Cast members Theo James and Shailene Woodley of the new film "Divergent" pose at the 51st annual Publicists Guild Awards. Photo by Fred Prouser, Reuters
LOS ANGELES - The studio that produced "Twilight" and "The Hunger Games" is at it again: "Divergent" is the latest teen adventure saga with a fearless female heroine battling the odds in a post-apocalyptic future.
All eyes in Hollywood are on the box office fortunes of the movie, which hits theaters in the United States on Friday.
Adolescent adventures have made a mint for the Santa Monica-based studio Summit-Lionsgate: the five "Twilight" films earned $3.3 billion globally, while the two "Hunger Games" movies so far have taken in over $1.5 billion, and two more films are to follow.
Studios are keen to find successors to these mega-franchises based on best-selling Young Adult novels.
But some do better than others: Universal failed with "Beautiful Creatures," while The Weinstein Company had a flop with "Vampire Academy."
"Divergent" features many of the main plot points that made "The Hunger Games" a blockbuster success: a future post-apocalyptic world, and a courageous teenaged girl aiming to save the world from tyrants.
Relative unknown Shailene Woodley -- whose credits have so far come in independent films like "The Descendants" and "The Spectacular Now" -- said she asked Oscar-winning "Hunger Games" star Jennifer Lawrence for tips before her leap into the commercial big leagues.
"I sent her an email. I was just curious, she had gone from doing indie films to doing 'Hunger Games,' which is a giant film obviously, and I wondered if it had changed her life in positive ways," Woodley told reporters.
Lawrence's reply? "She said, 'Don't do anything stupid. Don't do drugs. Don't make a sex tape. And don't go to (grocery chain) Whole Foods the day the movie opens'," said the 22-year-old actress.
In "Divergent," set in Chicago, society is divided into five factions: Abnegation for the selfless, Amity for the peaceful, Candor for the honest, Dauntless for the brave and Erudite for the knowledgeable.
At the age of 16, every adolescent must choose their faction for life, helped by a personality test. But Woodley's character Tris turns out to be Divergent -- a rare finding meaning she has the skills of several factions, not just one.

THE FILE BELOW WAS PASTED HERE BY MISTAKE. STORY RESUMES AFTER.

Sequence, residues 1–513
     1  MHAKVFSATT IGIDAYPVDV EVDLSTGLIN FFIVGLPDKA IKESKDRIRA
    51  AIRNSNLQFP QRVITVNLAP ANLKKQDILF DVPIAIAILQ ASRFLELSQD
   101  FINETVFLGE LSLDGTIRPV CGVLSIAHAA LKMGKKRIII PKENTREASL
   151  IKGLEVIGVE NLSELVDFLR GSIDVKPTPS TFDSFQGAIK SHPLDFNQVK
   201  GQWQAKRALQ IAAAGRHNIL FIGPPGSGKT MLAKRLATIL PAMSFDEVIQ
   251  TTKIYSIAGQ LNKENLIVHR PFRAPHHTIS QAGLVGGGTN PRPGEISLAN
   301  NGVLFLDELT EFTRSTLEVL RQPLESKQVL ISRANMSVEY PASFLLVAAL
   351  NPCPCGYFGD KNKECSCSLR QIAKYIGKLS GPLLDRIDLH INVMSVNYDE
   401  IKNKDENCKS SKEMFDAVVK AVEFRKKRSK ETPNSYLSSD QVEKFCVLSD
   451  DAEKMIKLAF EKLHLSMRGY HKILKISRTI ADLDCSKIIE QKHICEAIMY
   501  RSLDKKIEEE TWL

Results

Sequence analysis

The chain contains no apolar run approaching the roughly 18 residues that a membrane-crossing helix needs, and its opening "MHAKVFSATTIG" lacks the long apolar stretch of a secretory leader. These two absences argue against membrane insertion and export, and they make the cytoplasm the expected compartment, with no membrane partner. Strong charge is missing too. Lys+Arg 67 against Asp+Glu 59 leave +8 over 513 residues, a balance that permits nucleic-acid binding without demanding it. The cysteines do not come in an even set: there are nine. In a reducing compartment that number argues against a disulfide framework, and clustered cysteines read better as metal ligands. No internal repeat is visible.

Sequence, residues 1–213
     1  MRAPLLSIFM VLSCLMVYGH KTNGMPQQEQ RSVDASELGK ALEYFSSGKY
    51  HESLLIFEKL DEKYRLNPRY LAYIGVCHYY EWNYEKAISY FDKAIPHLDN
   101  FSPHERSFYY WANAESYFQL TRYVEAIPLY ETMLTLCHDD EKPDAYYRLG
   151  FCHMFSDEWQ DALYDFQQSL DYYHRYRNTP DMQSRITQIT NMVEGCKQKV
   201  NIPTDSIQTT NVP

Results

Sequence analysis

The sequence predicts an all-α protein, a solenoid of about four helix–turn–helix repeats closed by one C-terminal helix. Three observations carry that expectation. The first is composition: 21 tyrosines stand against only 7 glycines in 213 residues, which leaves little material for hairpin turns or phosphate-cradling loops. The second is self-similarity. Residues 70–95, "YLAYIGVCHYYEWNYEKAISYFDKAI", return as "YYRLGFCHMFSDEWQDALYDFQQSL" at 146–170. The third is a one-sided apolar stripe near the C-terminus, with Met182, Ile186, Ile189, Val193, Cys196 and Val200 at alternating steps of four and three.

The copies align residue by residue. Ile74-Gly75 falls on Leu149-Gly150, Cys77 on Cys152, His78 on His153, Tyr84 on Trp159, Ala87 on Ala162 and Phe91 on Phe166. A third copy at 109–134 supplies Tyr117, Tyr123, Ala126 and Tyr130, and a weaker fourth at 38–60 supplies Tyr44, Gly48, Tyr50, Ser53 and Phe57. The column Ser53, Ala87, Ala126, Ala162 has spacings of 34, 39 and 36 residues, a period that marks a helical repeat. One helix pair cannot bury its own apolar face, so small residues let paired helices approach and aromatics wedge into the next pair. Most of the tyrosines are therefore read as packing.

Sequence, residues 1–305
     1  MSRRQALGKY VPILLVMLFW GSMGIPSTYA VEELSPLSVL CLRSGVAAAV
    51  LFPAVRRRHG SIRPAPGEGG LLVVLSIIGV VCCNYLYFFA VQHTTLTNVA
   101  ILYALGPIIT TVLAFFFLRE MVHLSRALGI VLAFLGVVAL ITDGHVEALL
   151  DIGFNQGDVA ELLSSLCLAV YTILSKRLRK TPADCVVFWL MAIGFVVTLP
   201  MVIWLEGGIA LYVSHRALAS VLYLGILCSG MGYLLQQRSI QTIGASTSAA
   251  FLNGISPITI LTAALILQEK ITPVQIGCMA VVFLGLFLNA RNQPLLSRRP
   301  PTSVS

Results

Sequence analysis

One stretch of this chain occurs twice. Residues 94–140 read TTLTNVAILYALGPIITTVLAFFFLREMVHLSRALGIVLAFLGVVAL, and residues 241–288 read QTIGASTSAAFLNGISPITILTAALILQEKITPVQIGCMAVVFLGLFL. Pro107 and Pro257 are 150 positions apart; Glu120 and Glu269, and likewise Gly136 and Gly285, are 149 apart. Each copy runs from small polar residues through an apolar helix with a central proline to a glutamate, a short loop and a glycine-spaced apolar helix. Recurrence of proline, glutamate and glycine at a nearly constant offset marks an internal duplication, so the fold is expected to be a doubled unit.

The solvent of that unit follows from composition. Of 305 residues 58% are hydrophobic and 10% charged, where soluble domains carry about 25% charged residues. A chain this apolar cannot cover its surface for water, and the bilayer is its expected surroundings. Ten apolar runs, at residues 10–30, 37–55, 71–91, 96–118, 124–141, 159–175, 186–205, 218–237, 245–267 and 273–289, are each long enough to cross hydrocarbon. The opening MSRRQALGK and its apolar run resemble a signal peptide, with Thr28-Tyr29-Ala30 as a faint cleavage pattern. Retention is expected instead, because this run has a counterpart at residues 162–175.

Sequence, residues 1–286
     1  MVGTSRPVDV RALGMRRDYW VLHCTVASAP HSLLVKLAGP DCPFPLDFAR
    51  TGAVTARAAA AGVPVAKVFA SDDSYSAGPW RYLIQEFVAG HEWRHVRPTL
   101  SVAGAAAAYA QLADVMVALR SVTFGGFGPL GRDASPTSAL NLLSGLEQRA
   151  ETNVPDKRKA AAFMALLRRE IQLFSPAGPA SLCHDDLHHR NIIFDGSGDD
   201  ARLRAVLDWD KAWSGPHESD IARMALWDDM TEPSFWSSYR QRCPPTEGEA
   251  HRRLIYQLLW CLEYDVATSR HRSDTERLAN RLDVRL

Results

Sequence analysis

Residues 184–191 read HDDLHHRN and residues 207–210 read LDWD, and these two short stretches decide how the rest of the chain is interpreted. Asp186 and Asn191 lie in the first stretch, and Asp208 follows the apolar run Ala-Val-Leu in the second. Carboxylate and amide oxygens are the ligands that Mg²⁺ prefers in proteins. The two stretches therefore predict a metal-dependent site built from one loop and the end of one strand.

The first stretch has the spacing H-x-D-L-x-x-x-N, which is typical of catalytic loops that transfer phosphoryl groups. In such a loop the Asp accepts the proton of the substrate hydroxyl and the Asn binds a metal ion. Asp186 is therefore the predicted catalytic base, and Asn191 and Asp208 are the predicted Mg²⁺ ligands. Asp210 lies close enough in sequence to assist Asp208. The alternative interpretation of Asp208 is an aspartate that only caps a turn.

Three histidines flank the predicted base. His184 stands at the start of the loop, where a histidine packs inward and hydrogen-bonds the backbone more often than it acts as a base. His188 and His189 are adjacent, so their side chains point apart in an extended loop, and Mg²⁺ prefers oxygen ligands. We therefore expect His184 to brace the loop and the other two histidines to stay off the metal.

- Finding 'inner voice of Tris' -
This makes her a danger for the established order, and a target for Jeanine (played by Kate Winslet), an Erudite leader seeking supreme power.
"For me, the hardest thing was to get that inner voice of Tris, to get that sense of what she was feeling," director Neil Burger told AFP in Beverly Hills ahead of the movie's release.
In the best-selling book by Veronica Roth, Tris is 16 years old. But Burger deliberately chose to make his heroine older.
"We did that for two reasons: Shailene is a little bit older, and also I felt like the story was a very grown-up story, actually," said the director.
"Even though it's based on a Young Adult novel, I don't think there is anything young about it. I thought all the concerns and themes and issues in it were things that adults of all ages deal with."
Woodley said she drew on her own internal struggles from adolescence to play Tris.
At that age, "my struggle was 'How do I balance the empathetic and being compassionate towards my peers, and also living my life for myself and not basing my decisions on those around me?'" she said.
Apart from Winslet, the young actress found herself largely surrounded by a group of young up-and-coming Hollywood actors including Miles Teller, Theo James and Ansel Elgort.
Elgort, who plays her character's brother, made indie film "The Fault in Our Stars" with her immediately after "Divergent."
"Shailene is one of the great actors of our generation, in our young age group," he told AFP. "For them to put me with her twice in a row is a huge compliment.
"It's saying that I might be of the same caliber, and that's just awesome."
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